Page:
Are there greater and lesser sins?

greater sins, lesser sins, equal, serious, sin, hell, levels, degrees, evil, rebellion

This question has been around for a while, and there is no direct “yes” or “no” answer to it. Nevertheless, there seems to be a list people carry around in their head of the sins that are worse than others. Of course, people say sins like murder and rape are at the top of the list, but the question is why? Is this idea even biblical? Are there really greater and lesser sins?


When it comes right down to it, people without God’s grace on judgment day will be sent to hell. No exceptions. So in this sense, all sins are equal. For example, if a person murders someone, they have broken God’s laws and are therefore worthy of eternal death. On the other hand, if another person steals a chocolate bar from the grocery store, they have also broken God’s laws and are worthy of the lake of fire. No matter what the sin, the result is still the same.


Though all sin leads to eternal death, there are some sins that have worse consequences than others. For instance, if a man hated someone in his heart, that would be murder according to Jesus (Matthew 5:21-22). But if a man actually physically murdered someone, then the consequences are far more serious. The Bible also says some sins are greater than others. One of the most popular examples of this being in the book of Ezekiel. God was showing the prophet Ezekiel some of the sins the nation of Israel was committing, and saying “But you will see still greater abominations” (Ezekiel 8:6).  Another example is when Jesus stood before Pontius Pilate and said, “Therefore he who delivered me over to you has the greater sin” (John 19:11). The sins that displease God more effect our relationship with Him in a more negative way.


Jesus also revealed that there are greater and lesser commandments (Matthew 5:19; 23:23). This implies there are greater punishments for breaking the greater commandments. But what exactly makes a sin worse than another? Wayne Grudem explains it this way:

In general, we may say that some sins have more harmful consequences than others if they bring more dishonor to God or if they cause more harm to ourselves, to others, or to the church.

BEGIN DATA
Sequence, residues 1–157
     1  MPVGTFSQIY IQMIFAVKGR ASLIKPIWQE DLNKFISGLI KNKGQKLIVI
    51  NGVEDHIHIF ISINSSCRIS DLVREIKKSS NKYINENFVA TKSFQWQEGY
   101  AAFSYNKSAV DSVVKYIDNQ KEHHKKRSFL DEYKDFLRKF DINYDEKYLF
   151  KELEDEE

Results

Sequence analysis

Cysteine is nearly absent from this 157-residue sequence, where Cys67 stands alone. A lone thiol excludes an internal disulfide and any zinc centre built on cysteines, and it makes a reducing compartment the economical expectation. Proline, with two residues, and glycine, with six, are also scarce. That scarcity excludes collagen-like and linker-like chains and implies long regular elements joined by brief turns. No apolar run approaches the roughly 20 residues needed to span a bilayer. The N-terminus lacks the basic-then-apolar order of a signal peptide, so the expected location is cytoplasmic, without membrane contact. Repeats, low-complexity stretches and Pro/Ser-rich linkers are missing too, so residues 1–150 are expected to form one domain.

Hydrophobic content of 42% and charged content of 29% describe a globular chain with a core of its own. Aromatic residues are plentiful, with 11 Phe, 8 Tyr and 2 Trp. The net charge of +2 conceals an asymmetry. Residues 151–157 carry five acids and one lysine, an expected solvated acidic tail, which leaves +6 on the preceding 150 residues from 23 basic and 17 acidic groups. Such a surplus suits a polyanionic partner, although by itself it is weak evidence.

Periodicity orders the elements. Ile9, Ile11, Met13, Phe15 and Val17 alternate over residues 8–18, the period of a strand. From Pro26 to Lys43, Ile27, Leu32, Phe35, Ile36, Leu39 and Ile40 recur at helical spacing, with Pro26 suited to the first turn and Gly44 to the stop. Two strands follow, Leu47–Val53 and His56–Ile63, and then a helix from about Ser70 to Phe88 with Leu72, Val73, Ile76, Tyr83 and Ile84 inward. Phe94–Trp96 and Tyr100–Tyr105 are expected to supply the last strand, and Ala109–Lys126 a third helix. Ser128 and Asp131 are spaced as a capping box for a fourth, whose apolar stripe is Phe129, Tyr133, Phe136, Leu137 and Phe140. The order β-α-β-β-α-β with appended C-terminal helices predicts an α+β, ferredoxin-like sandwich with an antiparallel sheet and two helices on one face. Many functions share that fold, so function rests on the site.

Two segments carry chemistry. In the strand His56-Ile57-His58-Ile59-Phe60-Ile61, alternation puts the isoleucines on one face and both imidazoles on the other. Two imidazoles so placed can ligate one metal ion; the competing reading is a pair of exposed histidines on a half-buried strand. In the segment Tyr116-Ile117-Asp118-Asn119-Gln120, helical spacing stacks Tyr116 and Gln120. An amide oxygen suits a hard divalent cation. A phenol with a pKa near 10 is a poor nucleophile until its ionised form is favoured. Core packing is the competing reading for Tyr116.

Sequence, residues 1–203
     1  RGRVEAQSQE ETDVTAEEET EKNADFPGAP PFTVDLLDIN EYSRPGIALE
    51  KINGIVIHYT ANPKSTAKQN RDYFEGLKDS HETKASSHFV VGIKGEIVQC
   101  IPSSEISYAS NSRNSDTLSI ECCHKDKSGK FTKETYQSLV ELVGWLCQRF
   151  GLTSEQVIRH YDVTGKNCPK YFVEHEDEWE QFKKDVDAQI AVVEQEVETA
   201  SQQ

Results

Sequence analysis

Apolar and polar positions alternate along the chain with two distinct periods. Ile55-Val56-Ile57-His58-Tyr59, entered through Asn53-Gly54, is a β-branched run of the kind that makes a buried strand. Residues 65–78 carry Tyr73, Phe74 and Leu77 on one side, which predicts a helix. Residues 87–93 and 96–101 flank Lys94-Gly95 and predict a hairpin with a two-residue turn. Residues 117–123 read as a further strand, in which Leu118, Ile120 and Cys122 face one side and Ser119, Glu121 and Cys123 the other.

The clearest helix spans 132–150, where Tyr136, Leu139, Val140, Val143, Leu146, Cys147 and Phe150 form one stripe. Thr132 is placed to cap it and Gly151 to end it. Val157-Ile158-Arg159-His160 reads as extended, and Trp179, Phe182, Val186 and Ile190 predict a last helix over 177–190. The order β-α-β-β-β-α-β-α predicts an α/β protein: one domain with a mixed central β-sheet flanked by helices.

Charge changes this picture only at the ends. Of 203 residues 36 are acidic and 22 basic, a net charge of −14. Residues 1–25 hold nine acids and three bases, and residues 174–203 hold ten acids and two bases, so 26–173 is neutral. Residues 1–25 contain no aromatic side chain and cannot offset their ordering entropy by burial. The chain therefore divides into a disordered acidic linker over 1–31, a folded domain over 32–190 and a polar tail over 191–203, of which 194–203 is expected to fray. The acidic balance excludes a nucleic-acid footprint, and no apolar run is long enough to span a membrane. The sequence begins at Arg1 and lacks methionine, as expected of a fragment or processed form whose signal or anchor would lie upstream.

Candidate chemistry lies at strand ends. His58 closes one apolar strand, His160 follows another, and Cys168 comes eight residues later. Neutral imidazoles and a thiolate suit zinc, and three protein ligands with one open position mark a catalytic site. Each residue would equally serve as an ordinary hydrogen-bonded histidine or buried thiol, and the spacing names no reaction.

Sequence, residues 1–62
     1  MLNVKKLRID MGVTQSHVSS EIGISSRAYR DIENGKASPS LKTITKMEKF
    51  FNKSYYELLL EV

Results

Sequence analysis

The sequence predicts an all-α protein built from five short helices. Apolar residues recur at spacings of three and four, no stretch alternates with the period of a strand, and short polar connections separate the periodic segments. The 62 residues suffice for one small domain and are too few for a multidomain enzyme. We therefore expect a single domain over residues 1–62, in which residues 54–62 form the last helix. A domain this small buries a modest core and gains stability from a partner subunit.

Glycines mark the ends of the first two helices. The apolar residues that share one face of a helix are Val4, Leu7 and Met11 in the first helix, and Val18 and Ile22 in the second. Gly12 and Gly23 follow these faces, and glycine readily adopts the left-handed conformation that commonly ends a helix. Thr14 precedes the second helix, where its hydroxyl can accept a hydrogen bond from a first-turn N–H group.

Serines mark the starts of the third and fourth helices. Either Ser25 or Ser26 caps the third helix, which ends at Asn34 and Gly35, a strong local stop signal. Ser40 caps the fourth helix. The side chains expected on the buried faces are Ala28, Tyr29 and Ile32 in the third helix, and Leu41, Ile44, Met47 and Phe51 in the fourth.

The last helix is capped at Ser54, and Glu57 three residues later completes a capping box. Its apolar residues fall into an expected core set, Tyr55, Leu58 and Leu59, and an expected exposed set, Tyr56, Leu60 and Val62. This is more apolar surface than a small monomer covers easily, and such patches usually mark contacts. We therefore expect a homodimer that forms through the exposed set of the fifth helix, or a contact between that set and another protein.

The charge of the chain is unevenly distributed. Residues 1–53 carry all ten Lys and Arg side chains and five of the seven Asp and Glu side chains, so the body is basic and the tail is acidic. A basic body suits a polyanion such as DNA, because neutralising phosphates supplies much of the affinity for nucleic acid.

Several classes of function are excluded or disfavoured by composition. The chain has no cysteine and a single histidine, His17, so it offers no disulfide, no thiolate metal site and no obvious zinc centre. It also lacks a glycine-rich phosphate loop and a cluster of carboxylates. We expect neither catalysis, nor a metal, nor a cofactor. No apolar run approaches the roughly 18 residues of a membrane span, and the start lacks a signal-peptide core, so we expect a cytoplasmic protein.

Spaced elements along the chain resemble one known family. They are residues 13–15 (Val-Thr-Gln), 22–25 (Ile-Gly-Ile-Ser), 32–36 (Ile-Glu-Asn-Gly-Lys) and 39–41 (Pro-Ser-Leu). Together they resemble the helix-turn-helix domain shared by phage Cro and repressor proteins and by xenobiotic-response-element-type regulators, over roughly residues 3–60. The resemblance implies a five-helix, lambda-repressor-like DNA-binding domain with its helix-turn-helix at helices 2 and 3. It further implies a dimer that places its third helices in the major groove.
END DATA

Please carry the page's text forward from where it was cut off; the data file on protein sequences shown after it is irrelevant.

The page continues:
Since the two greatest commands in God’s Word are to love God and love others, it makes sense that sins which dishonor God or others more will have worse punishments.

Another thought to be considered are the sins done in ignorance, versus those done with knowledge.  For example, Matthew 10:15 talks about the towns who reject Jesus’ message, saying; “it will be more bearable on the day of judgment for the land of Sodom and Gomorrah than for that town.” An example of this would be if someone stole something knowing it’s wrong, in contrast to a toddler stealing a toy without that same knowledge. The person who knew stealing is wrong would receive a worse punishment. This is also the case with teachers of God’s Word. If a pastor or Bible College teacher decided to commit adultery, then they would be judged far more severely according to James 3:1.


The Bible is silent on this question. All we know is people who reject God go to hell. We know hell will be the most torturous place where God is absent along with all His blessings. Regardless of if there are worse punishments in hell, it is a place that is to be avoided. Even Christians who should know better can receive punishments for not being ready for Jesus’ return. In Luke 12:42-47, Jesus talks about how the servant who knows the master’s will and does not do it, deserves a “severe beating” while those who are ignorant and don’t do their master’s will, shall receive a “light beating.”

As Christians, we know that sin disrupts our fellowship with God as well as negatively affects our relationship with Him. Sin displeases God and on judgment day we will each stand before Him to be judged according to what we have done. Believers who’ve done very little good in their lives versus those like Billy Graham, A. W. Tozer, or John Piper will all still enter heaven. But their rewards will likely differ. There will be some who escape like one escaping a burning building through the flames (1 Corinthians 3:15). And there will be others who will receive much because they’ve done well with what God entrusted them with (Matthew 25:21, 23).

The good news, however, is that our legal standing before God is still the same and we get to spend eternity with Him in heaven (2 Corinthians 5:10). This is only possible because of God’s grace to undeserving people (Ephesians 2:8).


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